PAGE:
Basic Significance of C N ratio in soil

Significance of C N ratio in soil

Significance of C N ratio in soil

C N Ratio

 
It is the intimate relationship between organic matter and nitrogen contents of soil. The ratio of the weight of organic carbon to the weight of total Nitrogen in soil or organic material is known as the C: N ratio.
 
Or, It is defined as the ratio of the weight of organic carbon to the weight of total nitrogen in soil or organic material.  The ratio of C: N in normal aerobic soil usually varies 10 or 12:1.
 
Or, C: N ratio is a ratio of the mass of carbon to the mass of N in a substance, C: N ratio is an indicator for nitrogen limitation of plants and other organisms.
 

The significance of C N ratio

 
 When Organic matter or fresh plant residues of high C: N are added to soil, it is gradually degraded or decomposed by microorganism and C is lost as CO2. As a result of the C: N of the material is reduced and finally attain a more or less stable C: N of 10:1. At this stage, Organic matter is added and converted to humus. C: N plays an important role in the decomposition of OM in the following ways-
 
1. Keen competition for available N: When organic residues with a wide C: N ratio (50:1) are incorporated in the soil, a keen competition occurs between the microorganism and plants for mineral N presence in the soil. High C content of organic matter causes rapid growth of microbes resulting in a disappearance of Nitrate nitrogen from the soil because of the instant for this element being little or no N to plants.  Consequently, plant growth is affected as the decomposing proceed, the C: N of the organic matter decreases since C is being lost as CO2and N are conserved. N becomes again available to plants through mineralization of N take microbial cells.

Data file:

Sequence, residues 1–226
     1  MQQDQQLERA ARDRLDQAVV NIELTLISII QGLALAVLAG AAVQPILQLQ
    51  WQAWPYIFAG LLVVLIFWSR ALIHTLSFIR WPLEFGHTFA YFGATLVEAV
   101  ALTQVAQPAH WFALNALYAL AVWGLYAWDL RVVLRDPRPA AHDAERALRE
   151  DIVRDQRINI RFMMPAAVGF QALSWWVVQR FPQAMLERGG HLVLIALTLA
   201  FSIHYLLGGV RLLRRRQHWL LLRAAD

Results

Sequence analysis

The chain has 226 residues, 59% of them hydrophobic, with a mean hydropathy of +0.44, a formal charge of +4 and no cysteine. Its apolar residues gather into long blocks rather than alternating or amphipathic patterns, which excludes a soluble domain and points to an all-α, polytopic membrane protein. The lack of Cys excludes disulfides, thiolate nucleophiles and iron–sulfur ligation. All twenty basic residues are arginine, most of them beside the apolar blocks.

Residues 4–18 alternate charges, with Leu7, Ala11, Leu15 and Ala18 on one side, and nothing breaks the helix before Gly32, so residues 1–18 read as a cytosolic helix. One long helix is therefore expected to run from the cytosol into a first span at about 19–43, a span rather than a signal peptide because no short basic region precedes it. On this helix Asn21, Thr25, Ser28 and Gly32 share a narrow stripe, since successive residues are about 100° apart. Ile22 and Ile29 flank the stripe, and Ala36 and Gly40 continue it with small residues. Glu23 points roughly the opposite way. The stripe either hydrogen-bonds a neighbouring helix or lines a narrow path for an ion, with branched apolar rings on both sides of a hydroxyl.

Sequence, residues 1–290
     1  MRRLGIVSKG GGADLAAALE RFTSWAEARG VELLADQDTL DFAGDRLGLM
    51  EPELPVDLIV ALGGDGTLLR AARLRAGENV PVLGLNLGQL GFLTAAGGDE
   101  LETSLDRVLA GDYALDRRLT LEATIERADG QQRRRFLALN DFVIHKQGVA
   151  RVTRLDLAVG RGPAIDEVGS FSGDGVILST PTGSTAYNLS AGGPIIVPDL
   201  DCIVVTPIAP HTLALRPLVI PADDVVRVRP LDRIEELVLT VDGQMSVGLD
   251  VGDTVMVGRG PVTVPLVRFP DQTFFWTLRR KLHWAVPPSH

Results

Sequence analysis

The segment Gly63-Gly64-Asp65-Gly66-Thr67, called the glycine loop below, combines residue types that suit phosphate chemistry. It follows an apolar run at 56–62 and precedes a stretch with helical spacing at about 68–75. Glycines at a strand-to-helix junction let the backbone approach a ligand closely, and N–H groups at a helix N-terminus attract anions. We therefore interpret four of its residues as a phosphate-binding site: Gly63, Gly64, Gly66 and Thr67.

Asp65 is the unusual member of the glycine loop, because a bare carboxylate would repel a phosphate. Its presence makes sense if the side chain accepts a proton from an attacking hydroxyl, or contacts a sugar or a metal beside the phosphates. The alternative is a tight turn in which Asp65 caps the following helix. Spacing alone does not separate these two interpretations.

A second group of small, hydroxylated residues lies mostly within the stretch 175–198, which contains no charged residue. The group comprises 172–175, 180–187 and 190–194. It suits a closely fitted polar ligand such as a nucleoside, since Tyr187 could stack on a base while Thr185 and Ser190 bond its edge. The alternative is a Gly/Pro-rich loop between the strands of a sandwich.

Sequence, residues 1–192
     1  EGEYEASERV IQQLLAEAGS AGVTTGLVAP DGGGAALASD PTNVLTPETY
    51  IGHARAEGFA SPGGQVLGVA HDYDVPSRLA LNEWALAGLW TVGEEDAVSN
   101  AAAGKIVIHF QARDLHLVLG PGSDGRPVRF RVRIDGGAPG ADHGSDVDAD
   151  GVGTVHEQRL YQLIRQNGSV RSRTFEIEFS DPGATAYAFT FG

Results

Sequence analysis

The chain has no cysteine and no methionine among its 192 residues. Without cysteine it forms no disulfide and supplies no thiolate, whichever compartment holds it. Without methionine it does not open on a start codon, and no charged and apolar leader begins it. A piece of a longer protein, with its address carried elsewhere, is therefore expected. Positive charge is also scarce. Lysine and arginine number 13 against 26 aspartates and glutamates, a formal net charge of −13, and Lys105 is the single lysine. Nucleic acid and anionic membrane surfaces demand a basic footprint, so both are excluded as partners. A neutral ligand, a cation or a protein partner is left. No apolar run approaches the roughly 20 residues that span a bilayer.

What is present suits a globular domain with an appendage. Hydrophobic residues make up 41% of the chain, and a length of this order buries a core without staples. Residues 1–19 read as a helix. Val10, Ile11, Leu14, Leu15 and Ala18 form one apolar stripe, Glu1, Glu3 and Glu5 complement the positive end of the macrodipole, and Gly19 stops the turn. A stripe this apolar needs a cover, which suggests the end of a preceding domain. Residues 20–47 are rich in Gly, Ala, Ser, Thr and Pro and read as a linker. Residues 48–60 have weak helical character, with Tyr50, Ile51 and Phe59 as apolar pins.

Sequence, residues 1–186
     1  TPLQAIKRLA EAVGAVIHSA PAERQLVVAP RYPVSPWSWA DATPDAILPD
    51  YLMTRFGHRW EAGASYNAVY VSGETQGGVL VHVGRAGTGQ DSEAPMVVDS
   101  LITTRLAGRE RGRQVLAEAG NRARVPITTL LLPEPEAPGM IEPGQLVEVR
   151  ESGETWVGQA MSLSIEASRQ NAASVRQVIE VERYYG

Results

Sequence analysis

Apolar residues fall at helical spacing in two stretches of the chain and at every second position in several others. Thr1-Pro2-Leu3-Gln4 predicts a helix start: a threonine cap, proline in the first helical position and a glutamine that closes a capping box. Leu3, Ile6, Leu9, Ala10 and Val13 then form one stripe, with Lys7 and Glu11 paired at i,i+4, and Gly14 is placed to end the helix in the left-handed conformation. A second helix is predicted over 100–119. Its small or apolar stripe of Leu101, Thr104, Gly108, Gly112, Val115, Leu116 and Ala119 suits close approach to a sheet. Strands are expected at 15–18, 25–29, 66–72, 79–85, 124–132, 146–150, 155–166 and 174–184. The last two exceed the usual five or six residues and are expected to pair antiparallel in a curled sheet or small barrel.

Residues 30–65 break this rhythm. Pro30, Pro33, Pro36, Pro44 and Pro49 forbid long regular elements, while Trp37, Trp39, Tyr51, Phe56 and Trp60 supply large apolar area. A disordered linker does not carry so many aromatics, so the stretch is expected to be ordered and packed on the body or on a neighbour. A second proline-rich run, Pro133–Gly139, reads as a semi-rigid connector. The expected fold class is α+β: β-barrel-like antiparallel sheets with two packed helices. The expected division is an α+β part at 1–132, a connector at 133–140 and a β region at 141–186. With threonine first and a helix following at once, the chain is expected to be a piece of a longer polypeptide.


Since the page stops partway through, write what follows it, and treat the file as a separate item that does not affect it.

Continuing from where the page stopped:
2. The consistency of C: N: As the decomposition process continues both C and N are now subjected to loss, the C as CO2 and N as NO3 which are leached or adsorbed by plants. At a point, C: N becomes more or less constant, generally stabilized at 10:1 or 12:1. It has always been considered profitable to mix the highly carbonaceous material like straw with a small quantity of ammonium sulfate. With this available sources of N from ammonium sulfate, the release of available N is affected in a shorter period of time. The maintenance of carbon and hence soil organic matter depends largely on the soil N­-level.
 
3. This ratio is an important factor determining how easily bacteria are able to decompose organic material.
 
4. The microorganisms in compost use carbon for energy and nitrogen for protein synthesis, just as we use carbohydrates for energy and protein to build and repair our bodies.
 
5. The optimal proportion of these two elements used by the bacteria averages about 30 parts carbon to 1 part nitrogen.
 
6. Given a steady diet at this 30:1 ratio, they can decompose organic materials very quickly.

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